Tried with three variants of the same shot. The first is the original RAW file, the second is the exported TIFF file and the third is the merge (more on that later). I only applied maximum highlight recovery on all three files. The result is that the RAW file recovers something (the orange gradient in the lighted part) while the TIFF versions clearly show some clipping has been applied to the information.

    Maybe i should recover everything before the export, then restore the correct luminosity once the entire assembly has been completed?

    About the merge: to minimize noise i shot 8 pictures of the same subject then merge with Affinity to get a noise free picture. I needed to perform this task for each single shot of the Pano shot, which consisted of about 8 different shots, for a total of 64 shots to be processed. I expected to be able to export all information to Affinity under TIFF format and avoid me the need to develop each one in Affinity, as it does develop only one file at a time.

    After the first merging i then created the panorama. Initially tought that the culprit were on the pano stitching algorithm but as you can see from the screenshot, the clipping is present at the very first stage.

    (the signature is a side effect of my last export, don't take it into account)
    http://www.uderzo.it/files/captureone/C1_tiff_clippingJPG.JPG

    So, the only possible solution to keep all info is to pre-develop each shot inside C1, then reverse at the end where needed, which is more difficult. I repeat, this is not C1 failure, only trying to get a fast workflow.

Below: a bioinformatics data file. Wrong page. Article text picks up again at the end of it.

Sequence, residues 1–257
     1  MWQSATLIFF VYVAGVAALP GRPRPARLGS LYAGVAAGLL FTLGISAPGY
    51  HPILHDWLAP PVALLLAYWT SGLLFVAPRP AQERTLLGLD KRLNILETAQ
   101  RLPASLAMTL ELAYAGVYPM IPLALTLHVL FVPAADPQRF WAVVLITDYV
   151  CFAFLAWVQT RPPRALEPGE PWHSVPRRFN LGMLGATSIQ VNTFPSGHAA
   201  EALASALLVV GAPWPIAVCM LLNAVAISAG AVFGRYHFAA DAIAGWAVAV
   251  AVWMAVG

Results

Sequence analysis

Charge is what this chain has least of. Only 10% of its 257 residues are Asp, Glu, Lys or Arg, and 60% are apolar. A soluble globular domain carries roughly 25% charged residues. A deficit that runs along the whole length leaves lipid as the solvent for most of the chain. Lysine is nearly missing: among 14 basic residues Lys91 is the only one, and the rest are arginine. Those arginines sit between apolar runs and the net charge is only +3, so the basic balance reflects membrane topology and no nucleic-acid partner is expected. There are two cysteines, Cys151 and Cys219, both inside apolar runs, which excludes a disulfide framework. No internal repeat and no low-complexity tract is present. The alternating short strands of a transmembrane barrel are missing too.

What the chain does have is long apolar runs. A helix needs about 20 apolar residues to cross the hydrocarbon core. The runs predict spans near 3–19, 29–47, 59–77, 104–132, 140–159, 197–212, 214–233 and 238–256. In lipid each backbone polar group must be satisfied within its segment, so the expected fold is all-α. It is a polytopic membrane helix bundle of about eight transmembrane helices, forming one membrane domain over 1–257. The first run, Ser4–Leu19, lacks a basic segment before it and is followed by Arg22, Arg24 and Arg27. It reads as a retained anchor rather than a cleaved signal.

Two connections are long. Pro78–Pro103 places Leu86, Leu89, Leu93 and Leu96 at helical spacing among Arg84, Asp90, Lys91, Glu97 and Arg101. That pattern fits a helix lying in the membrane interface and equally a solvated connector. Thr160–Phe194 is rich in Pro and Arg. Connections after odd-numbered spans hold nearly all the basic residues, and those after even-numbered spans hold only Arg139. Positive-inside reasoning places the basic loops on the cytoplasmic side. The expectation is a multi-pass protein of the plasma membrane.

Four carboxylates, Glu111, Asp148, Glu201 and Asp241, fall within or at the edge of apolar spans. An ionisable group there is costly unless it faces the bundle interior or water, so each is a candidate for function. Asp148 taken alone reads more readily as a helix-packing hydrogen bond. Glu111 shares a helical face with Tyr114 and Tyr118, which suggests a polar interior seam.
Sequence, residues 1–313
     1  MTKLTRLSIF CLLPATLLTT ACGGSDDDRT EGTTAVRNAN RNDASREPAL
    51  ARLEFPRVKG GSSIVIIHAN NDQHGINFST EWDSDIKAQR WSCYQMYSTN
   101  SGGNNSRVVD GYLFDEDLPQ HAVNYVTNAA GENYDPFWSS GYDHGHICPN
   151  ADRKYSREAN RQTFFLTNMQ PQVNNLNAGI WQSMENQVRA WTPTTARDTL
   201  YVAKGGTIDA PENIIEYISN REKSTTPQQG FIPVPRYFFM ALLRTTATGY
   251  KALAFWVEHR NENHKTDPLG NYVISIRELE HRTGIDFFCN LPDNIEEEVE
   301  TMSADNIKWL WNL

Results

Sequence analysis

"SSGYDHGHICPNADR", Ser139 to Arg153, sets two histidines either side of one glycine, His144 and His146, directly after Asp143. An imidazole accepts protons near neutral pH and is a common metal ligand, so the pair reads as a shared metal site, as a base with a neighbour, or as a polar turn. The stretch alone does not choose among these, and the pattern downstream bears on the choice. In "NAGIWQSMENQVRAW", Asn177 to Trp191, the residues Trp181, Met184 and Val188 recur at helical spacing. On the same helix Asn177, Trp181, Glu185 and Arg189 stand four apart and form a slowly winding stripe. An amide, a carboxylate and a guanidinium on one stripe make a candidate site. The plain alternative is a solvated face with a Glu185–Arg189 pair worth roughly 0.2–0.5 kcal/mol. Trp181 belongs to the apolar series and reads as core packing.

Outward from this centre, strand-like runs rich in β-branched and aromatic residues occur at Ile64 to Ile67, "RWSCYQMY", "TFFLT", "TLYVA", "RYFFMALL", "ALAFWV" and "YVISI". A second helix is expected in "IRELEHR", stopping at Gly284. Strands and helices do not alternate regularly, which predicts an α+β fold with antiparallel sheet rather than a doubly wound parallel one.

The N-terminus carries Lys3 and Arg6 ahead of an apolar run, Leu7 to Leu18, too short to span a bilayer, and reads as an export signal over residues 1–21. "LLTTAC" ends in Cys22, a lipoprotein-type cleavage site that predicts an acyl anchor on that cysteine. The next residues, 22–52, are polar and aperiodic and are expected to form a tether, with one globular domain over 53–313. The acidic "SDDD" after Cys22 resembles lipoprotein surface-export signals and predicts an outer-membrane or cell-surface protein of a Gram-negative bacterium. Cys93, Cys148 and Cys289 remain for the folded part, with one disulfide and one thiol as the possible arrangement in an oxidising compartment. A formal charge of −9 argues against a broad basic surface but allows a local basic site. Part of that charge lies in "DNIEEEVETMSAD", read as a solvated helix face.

Umberto
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  • Tadeusz Sacilowski
    Hi all,

    Umberto, I was wondering what workflow you finally ended up using?

    I'm new to landscape photography and am using a Fuji X-T3, so have chosen to use C1 for the RAF processing. I've also played around with LR + PS as I try to define a good workflow. One challenge I'm having is how to deal with merging exposure bracketed images.

    I understand that C1 does not do this (yet... maybe eventually with plugins), and that's ok. What I'm trying to figure out is what my workflow might look like if I need to do the merging (and possibly retouching) in either PS or Affinity. As I understand it, it would look something like the following:

    1.) Import RAFs into C1
    2.) Export RAFs (without any development) into either PSD/TIFF
    3.) Import the PSD/TIFF images into PS or Affinity and perform my merge, luminosity masks, retouch, etc and save
    4.) Import the generated file from PS or Affinity into C1 (I'm assuming I can't use C1's PSD round-trip capability since I'm working with multiple images that are being merged into one)
    5.) Develop in C1

    Does the above look correct? Also, and not to get into an image format debate, but is there a difference in the amount of original data that's preserved from the RAF between PSD or TIFF? In a previous post, Umberto mentioned loss of ability to recover some highlights, so I want to make sure I retain as much of the original IQ as possible as I move through my workflow.

    I'm lucky in that I haven't gotten used to a specific workflow or set of tools yet, so I'm hoping to start of with the "right" workflow for my use case, even if it involves a few manual steps.

    Thanks!